When you place all state values in cookies, you are first limited by size (4K) and at most 20 cookies per domain. All state data must be encoded into simple text: no white space, semicolons, and so on. You can't directly use higher-level objects in the session state. The real limitation, however, is that many clients' security settings don't allow the automatic storing of cookies. If the application is an Internet application targeting the consumer market, you don't want to automatically turn away a significant number of potential customers without a good reason.

When a unique key is used in a cookie and then used on the server as a key into a dictionary or a map, any type of server-side object can be part of the session state. This is the default mechanism used by most Web application–enabling environments, such as ASP and JSP. It is very effective and flexible; however, like any cookie-based method, it depends on the willingness of clients to accept cookies.

URL redirection is the other class of session management. In this mechanism, all URLs in the system are dynamically constructed to include parameters that contain either the entire session state or only one key into a server-side dictionary.

Each mechanism has tradeoffs. Keeping a dictionary in memory for every user of the system could be very expensive if it never expired. For practical reasons, most session dictionaries are removed when the Web application user either finishes the process or stops using the system for a set period of time. A session timeout value of 15 minutes is typical. No matter what technique is used, the management of client state on the server is almost always an issue in Web applications.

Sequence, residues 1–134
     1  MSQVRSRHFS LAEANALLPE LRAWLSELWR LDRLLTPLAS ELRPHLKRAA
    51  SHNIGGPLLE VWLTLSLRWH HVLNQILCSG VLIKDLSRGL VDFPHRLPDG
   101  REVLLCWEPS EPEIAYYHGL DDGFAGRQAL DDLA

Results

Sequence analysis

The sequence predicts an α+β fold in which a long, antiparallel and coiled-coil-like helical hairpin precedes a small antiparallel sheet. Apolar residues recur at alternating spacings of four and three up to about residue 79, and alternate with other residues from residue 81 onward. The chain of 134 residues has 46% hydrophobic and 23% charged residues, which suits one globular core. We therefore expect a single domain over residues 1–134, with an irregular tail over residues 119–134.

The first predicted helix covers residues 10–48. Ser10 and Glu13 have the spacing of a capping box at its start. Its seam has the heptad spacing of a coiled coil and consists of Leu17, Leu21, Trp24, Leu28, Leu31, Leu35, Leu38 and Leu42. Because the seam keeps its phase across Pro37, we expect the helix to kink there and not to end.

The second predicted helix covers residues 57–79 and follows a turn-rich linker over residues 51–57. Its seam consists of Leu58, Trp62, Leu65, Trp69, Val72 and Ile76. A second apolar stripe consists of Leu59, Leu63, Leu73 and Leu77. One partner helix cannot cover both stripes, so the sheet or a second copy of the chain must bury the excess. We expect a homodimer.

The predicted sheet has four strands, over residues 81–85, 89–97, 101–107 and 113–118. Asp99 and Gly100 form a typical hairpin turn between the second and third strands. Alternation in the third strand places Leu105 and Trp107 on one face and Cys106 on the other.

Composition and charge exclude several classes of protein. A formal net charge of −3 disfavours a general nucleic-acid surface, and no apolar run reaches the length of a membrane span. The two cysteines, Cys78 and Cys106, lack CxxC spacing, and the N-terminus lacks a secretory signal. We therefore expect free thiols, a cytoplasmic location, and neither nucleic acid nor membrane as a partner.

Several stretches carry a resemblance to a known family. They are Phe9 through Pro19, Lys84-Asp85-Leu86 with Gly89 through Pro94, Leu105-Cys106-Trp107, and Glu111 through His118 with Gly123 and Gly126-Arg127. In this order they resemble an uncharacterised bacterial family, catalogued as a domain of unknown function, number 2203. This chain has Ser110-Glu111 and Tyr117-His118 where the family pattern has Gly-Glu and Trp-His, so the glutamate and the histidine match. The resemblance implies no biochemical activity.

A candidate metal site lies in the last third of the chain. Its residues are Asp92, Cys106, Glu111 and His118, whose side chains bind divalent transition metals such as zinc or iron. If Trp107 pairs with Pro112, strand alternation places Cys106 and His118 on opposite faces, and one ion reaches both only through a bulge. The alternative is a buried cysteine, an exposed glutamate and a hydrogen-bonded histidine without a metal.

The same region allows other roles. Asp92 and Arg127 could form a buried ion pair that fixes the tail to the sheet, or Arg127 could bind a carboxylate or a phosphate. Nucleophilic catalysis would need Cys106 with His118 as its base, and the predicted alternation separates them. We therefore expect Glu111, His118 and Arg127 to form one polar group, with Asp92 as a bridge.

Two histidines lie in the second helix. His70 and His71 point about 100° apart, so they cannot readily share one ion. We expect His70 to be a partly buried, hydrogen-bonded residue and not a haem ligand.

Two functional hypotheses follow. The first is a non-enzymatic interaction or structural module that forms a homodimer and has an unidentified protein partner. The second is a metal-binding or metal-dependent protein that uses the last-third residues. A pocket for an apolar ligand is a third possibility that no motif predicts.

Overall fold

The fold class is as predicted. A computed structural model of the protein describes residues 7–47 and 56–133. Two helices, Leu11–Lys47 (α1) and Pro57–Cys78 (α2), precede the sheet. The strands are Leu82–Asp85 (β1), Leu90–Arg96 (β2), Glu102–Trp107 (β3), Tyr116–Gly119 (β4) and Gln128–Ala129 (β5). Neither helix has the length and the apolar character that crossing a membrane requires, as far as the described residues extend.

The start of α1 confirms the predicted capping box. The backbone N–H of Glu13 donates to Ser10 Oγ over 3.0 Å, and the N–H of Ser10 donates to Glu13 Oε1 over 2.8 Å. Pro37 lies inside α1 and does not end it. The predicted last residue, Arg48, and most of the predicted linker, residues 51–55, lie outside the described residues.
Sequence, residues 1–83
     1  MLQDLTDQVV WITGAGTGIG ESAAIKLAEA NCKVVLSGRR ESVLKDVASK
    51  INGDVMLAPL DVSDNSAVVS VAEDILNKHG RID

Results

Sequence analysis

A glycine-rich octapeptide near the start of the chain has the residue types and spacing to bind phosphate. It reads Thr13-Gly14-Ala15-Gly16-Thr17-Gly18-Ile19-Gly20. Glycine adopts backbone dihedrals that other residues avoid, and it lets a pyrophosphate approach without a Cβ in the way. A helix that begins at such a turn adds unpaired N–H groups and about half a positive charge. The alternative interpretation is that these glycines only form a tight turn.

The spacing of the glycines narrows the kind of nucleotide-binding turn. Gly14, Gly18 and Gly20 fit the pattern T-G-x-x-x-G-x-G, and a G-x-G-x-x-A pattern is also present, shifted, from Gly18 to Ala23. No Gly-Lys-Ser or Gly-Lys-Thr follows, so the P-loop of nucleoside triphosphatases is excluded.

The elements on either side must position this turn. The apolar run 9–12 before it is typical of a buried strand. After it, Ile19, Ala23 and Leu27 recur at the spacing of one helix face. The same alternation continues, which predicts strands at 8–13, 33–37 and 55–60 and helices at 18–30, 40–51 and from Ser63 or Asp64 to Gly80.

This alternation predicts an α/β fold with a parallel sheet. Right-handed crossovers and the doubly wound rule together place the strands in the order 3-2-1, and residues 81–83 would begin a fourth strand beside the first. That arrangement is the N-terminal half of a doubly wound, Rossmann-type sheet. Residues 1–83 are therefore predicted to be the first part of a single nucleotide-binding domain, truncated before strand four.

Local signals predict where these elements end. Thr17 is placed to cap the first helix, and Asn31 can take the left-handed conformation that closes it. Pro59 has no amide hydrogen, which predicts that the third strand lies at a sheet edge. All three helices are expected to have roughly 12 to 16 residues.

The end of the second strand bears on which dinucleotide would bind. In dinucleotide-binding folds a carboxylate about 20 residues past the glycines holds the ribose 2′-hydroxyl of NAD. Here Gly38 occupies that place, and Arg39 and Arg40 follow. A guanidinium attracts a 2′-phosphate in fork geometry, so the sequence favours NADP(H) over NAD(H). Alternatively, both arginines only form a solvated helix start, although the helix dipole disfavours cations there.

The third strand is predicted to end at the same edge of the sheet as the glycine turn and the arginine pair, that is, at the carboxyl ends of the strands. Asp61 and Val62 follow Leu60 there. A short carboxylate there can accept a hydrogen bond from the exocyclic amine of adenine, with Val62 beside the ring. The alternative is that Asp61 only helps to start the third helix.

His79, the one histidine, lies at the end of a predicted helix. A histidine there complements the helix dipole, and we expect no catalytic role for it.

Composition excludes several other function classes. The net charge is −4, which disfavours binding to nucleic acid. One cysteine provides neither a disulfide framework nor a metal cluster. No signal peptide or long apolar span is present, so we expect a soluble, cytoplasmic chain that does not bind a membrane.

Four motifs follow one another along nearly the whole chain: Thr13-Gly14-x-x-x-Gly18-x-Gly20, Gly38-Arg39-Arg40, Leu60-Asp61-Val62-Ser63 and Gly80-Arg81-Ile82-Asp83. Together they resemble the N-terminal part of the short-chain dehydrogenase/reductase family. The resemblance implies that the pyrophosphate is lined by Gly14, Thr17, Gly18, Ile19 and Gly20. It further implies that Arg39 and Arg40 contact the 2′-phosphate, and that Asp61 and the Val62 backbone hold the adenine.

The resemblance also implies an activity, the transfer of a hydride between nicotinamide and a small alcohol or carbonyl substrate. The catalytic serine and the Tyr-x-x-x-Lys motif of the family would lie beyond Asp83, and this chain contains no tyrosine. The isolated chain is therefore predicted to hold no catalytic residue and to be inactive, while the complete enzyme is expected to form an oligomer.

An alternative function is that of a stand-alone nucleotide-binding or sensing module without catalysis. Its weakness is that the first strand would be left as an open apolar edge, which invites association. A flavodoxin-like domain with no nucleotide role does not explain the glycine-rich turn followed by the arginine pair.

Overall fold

Enabling Technologies

The enabling technologies for Web applications are varied and differentiated principally by the vendor. Enabling technologies are, in part, the mechanism by which Web pages become dynamic and respond to user input. Of the several approaches to enabling a Web application, the earliest involved the execution of a separate module by a Web server. Instead of requesting an HTML-formatted page from the file system, the browsers would request the module, which the Web server interpreted as a request to load and to run the module. The module's output is usually a properly formatted HTML page but could be image, audio, video, or other data.

The original mechanism for processing user input in a Web system is the Common Gateway Interface (CGI), a standard way to allow Web users to execute applications on the server. Because letting users run applications on your Web server might not be the safest thing in the world, most CGI-enabled Web servers require CGI modules to reside in a special directory, typically named cgi-bin. CGI modules can be written in any language and can even be scripted. In fact, the most common language for small-scale CGI modules is Perl (practical extraction and reporting language), which is interpreted each time it is executed.

Even though HTML documents are the most common output of CGI modules, they can return any number of document types. They can send to the client an image, plaintext—an ASCII document with no special formatting—audio, or even a video clip. They can also return references to other documents. In order for it to interpret the information properly, the browser must know what kind of document it is receiving. In order for the browser to know this, the CGI module must tell the server what type of document it is returning.